APMDD also joined a statement of civil society organizations questioning the integrity and reputation of the GCF following its decision to accredit Deutsche Bank and other entities.

“Unfortunately, with this decision, the Green Climate Fund is proving to be more ‘business as usual’ rather than ‘transformational,’” Nacpil said.

The GCF was founded as a mechanism under the United Nations climate convention to redistribute money for climate adaptation and mitigation from developed to developing countries. Over $10 billion is currently pledged to the fund.

The eleven other entities accredited by the GCF board today are Namibia’s Environmental Investment Fund, Rwanda’s Ministry of Natural Resources, India’s National Bank for Agriculture and Rural Development, Corporación Andina de Fomento (Development Bank of Latin America), Caribbean Community Climate Change Center, Africa Finance Corporation, Agence Française de Développement, Conservation International, European Bank for Reconstruction and Development, Inter-American Development Bank and United Nations Environment Programme.

They and the seven previously-accredited institutions are allowed to access GCF funds, and in turn disburse them to other groups who will be implementing projects and programs in developing countries.

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The Asian Peoples Movement on Debt and Development (formerly Jubilee South–Asia Pacific Movement on Debt and Development) is a regional alliance of peoples' movements and organizations, coalitions, and nongovernmental organizations.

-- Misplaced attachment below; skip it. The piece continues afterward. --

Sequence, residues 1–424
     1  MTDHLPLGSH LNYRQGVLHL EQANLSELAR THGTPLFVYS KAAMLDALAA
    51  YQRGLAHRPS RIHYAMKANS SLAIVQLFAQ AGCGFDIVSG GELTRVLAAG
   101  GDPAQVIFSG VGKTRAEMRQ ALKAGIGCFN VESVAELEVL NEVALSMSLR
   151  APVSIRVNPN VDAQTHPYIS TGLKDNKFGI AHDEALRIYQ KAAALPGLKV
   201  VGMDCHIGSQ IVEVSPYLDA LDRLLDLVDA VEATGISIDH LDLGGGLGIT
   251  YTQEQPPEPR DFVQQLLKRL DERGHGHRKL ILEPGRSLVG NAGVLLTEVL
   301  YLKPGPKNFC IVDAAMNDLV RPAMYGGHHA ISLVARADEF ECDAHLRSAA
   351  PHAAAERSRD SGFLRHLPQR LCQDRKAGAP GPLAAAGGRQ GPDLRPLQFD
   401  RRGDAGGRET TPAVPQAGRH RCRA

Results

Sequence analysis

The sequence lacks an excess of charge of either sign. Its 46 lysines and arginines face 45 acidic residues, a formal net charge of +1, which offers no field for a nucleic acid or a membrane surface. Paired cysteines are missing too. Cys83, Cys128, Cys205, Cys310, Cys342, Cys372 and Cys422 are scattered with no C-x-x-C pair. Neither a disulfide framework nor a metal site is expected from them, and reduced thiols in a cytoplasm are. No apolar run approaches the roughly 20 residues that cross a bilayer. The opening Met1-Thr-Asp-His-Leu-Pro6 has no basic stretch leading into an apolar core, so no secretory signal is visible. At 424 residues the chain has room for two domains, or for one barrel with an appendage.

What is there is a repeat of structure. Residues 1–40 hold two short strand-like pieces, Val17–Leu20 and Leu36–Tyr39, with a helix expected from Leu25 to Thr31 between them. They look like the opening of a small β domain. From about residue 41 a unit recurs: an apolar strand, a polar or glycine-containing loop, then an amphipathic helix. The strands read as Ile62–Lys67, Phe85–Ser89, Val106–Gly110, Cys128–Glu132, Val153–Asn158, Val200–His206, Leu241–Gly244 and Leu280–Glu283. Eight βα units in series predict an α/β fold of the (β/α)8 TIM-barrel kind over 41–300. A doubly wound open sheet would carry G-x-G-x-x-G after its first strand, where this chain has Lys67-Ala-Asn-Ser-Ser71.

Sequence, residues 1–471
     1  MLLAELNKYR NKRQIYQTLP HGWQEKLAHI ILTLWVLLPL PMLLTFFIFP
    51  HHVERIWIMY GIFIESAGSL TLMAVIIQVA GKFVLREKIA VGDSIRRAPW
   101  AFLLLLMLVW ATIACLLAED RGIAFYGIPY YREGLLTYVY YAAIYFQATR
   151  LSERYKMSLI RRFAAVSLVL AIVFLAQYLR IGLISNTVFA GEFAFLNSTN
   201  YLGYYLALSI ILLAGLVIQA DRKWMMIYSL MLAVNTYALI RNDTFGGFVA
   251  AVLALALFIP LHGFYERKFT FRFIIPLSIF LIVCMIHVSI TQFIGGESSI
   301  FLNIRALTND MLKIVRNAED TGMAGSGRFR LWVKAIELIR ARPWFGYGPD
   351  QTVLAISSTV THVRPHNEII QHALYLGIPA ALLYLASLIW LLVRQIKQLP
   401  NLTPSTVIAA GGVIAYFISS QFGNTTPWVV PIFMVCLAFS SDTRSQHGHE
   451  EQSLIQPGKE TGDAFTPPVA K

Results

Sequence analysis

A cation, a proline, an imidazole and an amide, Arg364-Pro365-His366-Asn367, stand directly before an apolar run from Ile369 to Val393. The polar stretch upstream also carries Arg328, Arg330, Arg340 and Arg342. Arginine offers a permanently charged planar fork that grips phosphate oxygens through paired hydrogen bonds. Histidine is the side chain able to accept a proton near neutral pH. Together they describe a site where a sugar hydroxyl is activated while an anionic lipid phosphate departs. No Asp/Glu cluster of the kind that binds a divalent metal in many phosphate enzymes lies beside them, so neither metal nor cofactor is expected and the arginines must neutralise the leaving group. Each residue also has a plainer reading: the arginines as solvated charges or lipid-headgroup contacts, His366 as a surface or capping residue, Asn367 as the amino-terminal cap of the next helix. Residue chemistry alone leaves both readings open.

The full statement of APMDD is at http://www.apmdd.org/our-programs/ecological-debt-environmental-justice-a-climate-change/statements/302-no-to-deutsche-bank-and-world-bank-as-green-climate-fund-partners.

The joint statement of civil society representatives at the Green Climate Fund, including APMDD, is at http://www.scribd.com/doc/270998470/Green-Climate-Fund-accreditation-of-Deutsche-Bank-sparks-concern-about-integrity-and-reputation-of-Fund.

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Global civil society alliance issues ‘people’s climate test’ for Paris talks [PR]

PRESS RELEASE

MANILA, 30 June 2015 – A broad alliance of Southern social movements and international organizations sent a joint statement calling for climate justice to the heads of the recently-concluded United Nations climate meeting in New York.

Yesterday’s high-level event was convened by the UN general assembly ahead of the Paris climate talks in December, in which almost 200 countries are expected to agree on a new climate deal.

The Asian Peoples’ Movement on Debt and Development (APMDD) co-authored the “People’s Test on Climate in 2015” statement with ActionAid International, Bolivian Platform for Climate Action, CIDSE (International Cooperation for Development and Solidarity), Environmental Rights Action/Oil Watch, Friends of the Earth International, Greenpeace International, International Trade Union Confederation, LDC [Least Developed Countries] Watch International, Mesoamerican Campaign for Climate Justice, Oxfam International, Pan-African Climate Justice Alliance, and 350.org.